Orbiter photos suggest that the dunes in this field move as much as three feet every Earth year.

Launched in 2012, the Curiosity rover had a two-year primary science mission. At this point it has just about doubled its expected lifespan and will continue to carry out scientific missions indefinitely.


Bulb

'We proved Einstein right!': Gravitational waves confirmed in breakthrough research

© Michael Koppitz / aei
Gravitational waves are invisible ripples in the fabric of space and time caused by the movement of dense objects, like black holes. These waves spread out across the universe but have never been seen by scientists. Fresh rumours, however, suggest detectors in the US have picked up signals that may be gravitational waves
Scientists at Washington's National Science Foundation and Moscow State University have confirmed the discovery of Albert Einstein's gravitational waves. The breakthrough, possibly the biggest in physics in a century, could be the key to new understanding of the universe. Recent rumors of the success in detecting gravitational waves, or as some scientists put it "very weak space-time wiggles which propagate at the speed of light" were officially confirmed Thursday.


These ripples in the fabric of space-time are one of the most important variables in Einstein's theory of relativity and it took astronomers decades to detect them, although they were pretty sure that gravitational waves existed.

Comment: About a hundred years ago, Einstein predicted the existence of gravitational waves, but until now, they were undetectable.See also:Gravity Probe B Confirms Two of Einstein's Space-Time Theories


Sun

Newborn star puts on a stunning light show

© European Southern Observatory
A newly formed star lights up the surrounding cosmic clouds in this new image from ESO’s La Silla Observatory in Chile. Dust particles in the vast clouds that surround the star HD 97300 diffuse its light, like a car headlight in enveloping fog, and create the reflection nebula IC 2631. Although HD 97300 is in the spotlight for now, the very dust that makes it so hard to miss heralds the birth of additional, potentially scene-stealing, future stars.
The glowing region in this new image from the MPG/ESO 2.2-metre telescope is a reflection nebula known as IC 2631. These objects are clouds of cosmic dust that reflect light from a nearby star into space, creating a stunning light show like the one captured here. IC 2631 is the brightest nebula in the Chamaeleon Complex, a large region of gas and dust clouds that harbours numerous newborn and still-forming stars. The complex lies about 500 light-years away in the southern constellation of Chamaeleon.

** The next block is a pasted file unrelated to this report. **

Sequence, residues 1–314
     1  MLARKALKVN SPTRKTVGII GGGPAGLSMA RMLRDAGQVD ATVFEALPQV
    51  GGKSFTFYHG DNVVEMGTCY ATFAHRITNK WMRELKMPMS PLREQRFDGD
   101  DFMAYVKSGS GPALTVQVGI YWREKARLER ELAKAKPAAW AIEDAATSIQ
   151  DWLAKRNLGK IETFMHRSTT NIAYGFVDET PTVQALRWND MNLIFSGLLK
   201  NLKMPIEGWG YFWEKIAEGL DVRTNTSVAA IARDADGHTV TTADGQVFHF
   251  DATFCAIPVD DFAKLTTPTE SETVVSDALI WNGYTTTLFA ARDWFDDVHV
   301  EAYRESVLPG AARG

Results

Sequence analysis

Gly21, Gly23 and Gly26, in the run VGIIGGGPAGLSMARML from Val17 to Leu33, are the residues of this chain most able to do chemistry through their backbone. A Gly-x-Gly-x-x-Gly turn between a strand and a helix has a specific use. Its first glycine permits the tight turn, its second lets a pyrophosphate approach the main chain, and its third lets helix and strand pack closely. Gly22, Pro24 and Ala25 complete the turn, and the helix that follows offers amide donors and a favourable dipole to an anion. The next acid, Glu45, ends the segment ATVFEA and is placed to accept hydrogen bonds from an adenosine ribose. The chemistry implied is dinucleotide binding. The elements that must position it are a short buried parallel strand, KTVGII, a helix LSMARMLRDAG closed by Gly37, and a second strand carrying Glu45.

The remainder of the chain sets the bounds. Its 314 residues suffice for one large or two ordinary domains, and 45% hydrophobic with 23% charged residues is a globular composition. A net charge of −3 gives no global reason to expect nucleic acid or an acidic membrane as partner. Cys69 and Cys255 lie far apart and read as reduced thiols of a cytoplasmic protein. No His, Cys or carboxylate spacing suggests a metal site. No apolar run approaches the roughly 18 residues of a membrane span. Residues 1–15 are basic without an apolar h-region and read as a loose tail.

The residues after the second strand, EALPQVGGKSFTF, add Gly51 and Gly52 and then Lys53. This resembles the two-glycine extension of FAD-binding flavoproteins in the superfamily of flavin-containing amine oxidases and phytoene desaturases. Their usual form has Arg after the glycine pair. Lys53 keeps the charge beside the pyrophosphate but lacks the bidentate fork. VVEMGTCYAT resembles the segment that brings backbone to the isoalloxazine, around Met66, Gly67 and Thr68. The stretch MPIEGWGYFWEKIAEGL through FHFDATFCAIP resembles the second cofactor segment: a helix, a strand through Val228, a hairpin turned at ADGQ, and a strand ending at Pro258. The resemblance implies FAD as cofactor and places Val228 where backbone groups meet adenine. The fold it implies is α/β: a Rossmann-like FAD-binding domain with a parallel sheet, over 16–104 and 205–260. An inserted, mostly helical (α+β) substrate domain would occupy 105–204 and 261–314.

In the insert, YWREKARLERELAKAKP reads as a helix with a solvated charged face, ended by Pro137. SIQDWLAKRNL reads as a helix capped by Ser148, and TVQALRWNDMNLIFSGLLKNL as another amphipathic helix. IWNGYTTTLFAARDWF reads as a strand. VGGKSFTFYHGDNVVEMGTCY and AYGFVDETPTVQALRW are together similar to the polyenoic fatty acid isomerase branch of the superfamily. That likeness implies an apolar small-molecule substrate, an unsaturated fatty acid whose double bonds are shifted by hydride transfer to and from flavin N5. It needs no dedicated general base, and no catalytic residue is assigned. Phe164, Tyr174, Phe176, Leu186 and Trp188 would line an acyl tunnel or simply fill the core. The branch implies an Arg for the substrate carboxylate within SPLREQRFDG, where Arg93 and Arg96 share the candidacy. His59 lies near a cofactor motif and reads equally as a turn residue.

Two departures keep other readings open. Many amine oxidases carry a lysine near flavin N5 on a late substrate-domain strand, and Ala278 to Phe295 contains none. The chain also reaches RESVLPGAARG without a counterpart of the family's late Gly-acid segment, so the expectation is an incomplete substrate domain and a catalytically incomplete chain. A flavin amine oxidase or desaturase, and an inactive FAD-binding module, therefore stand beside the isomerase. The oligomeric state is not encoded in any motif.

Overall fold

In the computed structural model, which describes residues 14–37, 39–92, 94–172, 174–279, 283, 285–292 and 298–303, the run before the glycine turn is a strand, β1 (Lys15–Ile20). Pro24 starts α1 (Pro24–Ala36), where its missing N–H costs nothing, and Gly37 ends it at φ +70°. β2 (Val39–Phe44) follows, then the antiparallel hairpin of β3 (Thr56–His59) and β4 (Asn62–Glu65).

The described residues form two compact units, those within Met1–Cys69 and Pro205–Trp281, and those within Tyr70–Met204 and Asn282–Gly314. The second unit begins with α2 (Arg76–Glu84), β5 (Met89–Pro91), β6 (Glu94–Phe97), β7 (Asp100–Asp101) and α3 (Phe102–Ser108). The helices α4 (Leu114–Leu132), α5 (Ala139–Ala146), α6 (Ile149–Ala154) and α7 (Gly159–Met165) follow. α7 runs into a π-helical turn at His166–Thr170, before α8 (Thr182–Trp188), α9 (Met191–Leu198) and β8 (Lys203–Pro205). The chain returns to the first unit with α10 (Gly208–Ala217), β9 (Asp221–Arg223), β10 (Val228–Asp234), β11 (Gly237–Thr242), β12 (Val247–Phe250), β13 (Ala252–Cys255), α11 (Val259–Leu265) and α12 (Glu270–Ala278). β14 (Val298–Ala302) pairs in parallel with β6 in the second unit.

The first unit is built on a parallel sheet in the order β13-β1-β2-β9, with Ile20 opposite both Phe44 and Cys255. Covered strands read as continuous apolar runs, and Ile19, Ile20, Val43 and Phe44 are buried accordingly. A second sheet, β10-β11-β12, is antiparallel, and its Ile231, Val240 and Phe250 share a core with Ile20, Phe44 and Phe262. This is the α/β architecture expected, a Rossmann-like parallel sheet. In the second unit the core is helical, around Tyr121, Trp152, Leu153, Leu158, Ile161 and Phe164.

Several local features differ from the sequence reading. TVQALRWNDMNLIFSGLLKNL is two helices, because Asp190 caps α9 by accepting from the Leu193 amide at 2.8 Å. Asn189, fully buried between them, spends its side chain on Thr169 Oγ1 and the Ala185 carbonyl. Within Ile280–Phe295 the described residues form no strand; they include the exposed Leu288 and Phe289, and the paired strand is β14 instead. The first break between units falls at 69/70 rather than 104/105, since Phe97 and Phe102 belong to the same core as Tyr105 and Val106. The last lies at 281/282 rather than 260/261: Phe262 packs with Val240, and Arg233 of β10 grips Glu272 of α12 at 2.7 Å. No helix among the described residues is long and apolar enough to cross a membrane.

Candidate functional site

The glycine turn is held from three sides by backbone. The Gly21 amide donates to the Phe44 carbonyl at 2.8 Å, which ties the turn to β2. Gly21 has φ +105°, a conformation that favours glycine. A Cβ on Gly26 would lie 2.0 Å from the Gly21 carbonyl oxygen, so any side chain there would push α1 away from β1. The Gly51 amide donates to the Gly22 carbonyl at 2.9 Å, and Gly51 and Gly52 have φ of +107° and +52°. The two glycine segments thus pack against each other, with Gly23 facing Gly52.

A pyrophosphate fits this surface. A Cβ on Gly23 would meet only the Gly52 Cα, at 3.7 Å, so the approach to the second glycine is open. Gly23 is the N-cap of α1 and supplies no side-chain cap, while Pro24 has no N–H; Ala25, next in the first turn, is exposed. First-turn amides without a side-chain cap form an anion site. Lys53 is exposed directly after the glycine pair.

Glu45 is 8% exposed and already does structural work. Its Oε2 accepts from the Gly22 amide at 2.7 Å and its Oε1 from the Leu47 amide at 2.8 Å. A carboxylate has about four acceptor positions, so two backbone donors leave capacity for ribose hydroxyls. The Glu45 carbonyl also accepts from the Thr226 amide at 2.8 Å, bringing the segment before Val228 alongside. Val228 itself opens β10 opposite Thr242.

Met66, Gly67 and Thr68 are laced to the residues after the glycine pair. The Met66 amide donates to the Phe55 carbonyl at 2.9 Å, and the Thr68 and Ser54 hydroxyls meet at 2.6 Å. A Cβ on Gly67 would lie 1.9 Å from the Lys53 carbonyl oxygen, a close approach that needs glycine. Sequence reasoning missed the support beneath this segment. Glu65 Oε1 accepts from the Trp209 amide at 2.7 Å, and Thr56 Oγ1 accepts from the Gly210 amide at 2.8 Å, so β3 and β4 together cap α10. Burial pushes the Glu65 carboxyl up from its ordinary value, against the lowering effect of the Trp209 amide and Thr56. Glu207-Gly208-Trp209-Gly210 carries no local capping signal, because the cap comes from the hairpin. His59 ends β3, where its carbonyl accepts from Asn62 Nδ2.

IC 2631 is illuminated by the star HD 97300, one of the youngest — as well as most massive and brightest — stars in its neighbourhood. This region is full of star-making material, which is made evident by the presence of dark nebulae noticeable above and below IC 2631 in this picture. Dark nebulae are so dense with gas and dust that they prevent the passage of background starlight.

Document

Scientists find new cause of strong earthquakes

© Christelle Wauthier/Penn State
Nyiragongo volcano (2002)
A geologic event known as diking can cause strong earthquakes -- with a magnitude between 6 and 7, according to an international research team.

Diking can occur all over the world but most often occurs in areas where the Earth's tectonic plates are moving apart, such as Iceland, Hawaii and parts of Africa in the East African Rift System. As plates spread apart, magma from beneath the Earth's surface rises into the space, forming vertical magma intrusions, known as dikes. The dike pushes on the surrounding rocks, creating strain.

"Diking is a known phenomenon, but it has not been observed by geophysical techniques often," said Christelle Wauthier, assistant professor of geosciences, Penn State who led the study. "We know it's linked with rift opening and it has implications on plate tectonics. Here, we see that it also could pose hazards to nearby communities."

The team investigated ties between two natural disasters from 2002 in the Democratic Republic of the Congo, East African Rift System. On Jan. 17, the Nyiragongo volcano erupted, killing more than 100 people and leaving more than 100,000 people homeless. Eight months later a magnitude 6.2 earthquake struck the town of Kalehe, which is 12 miles from the Nyiragongo volcano. Several people died during the Oct. 24 earthquake, and Kalehe was inundated with water from nearby Lake Kivu.

"The Kalehe earthquake was the largest recorded in the Lake Kivu area, and we wanted to find out whether it was coincidence that, eight months before the earthquake, Nyiragongo erupted," said Wauthier.

The researchers used a remote sensing technique, Interferometric Synthetic Aperture Radar, to measure changes to the Earth's surface before and after both natural disasters.